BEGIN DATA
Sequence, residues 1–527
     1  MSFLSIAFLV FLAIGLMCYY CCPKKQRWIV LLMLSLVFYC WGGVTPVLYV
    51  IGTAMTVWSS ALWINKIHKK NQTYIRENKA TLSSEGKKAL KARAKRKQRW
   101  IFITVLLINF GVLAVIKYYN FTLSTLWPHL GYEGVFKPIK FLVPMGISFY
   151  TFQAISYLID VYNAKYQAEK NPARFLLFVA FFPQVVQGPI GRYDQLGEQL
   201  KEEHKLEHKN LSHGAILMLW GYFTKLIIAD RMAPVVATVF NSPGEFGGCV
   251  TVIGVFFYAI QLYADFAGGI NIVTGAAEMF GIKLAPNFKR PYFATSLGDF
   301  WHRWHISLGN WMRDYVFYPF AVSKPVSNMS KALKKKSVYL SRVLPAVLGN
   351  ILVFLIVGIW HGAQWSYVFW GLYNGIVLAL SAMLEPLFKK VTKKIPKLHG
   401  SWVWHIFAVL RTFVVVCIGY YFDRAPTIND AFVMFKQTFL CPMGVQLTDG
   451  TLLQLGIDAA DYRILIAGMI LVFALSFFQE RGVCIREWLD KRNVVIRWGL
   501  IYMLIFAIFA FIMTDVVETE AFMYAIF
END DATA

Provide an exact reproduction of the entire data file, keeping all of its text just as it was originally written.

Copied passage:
Sequence, residues 1–527
     1  MSFLSIAFLV FLAIGLMCYY CCPKKQRWIV LLMLSLVFYC WGGVTPVLYV
    51  IGTAMTVWSS ALWINKIHKK NQTYIRENKA TLSSEGKKAL KARAKRKQRW
   101  IFITVLLINF GVLAVIKYYN FTLSTLWPHL GYEGVFKPIK FLVPMGISFY
   151  TFQAISYLID VYNAKYQAEK NPARFLLFVA FFPQVVQGPI GRYDQLGEQL
   201  KEEHKLEHKN LSHGAILMLW GYFTKLIIAD RMAPVVATVF NSPGEFGGCV
   251  TVIGVFFYAI QLYADFAGGI NIVTGAAEMF GIKLAPNFKR PYFATSLGDF
   301  WHRWHISLGN WMRDYVFYPF AVSKPVSNMS KALKKKSVYL SRVLPAVLGN
   351  ILVFLIVGIW HGAQWSYVFW GLYNGIVLAL SAMLEPLFKK VTKKIPKLHG
   401  SWVWHIFAVL RTFVVVCIGY YFDRAPTIND AFVMFKQTFL CPMGVQLTDG
   451  TLLQLGIDAA DYRILIAGMI LVFALSFFQE RGVCIREWLD KRNVVIRWGL
   501  IYMLIFAIFA FIMTDVVETE AFMYAIF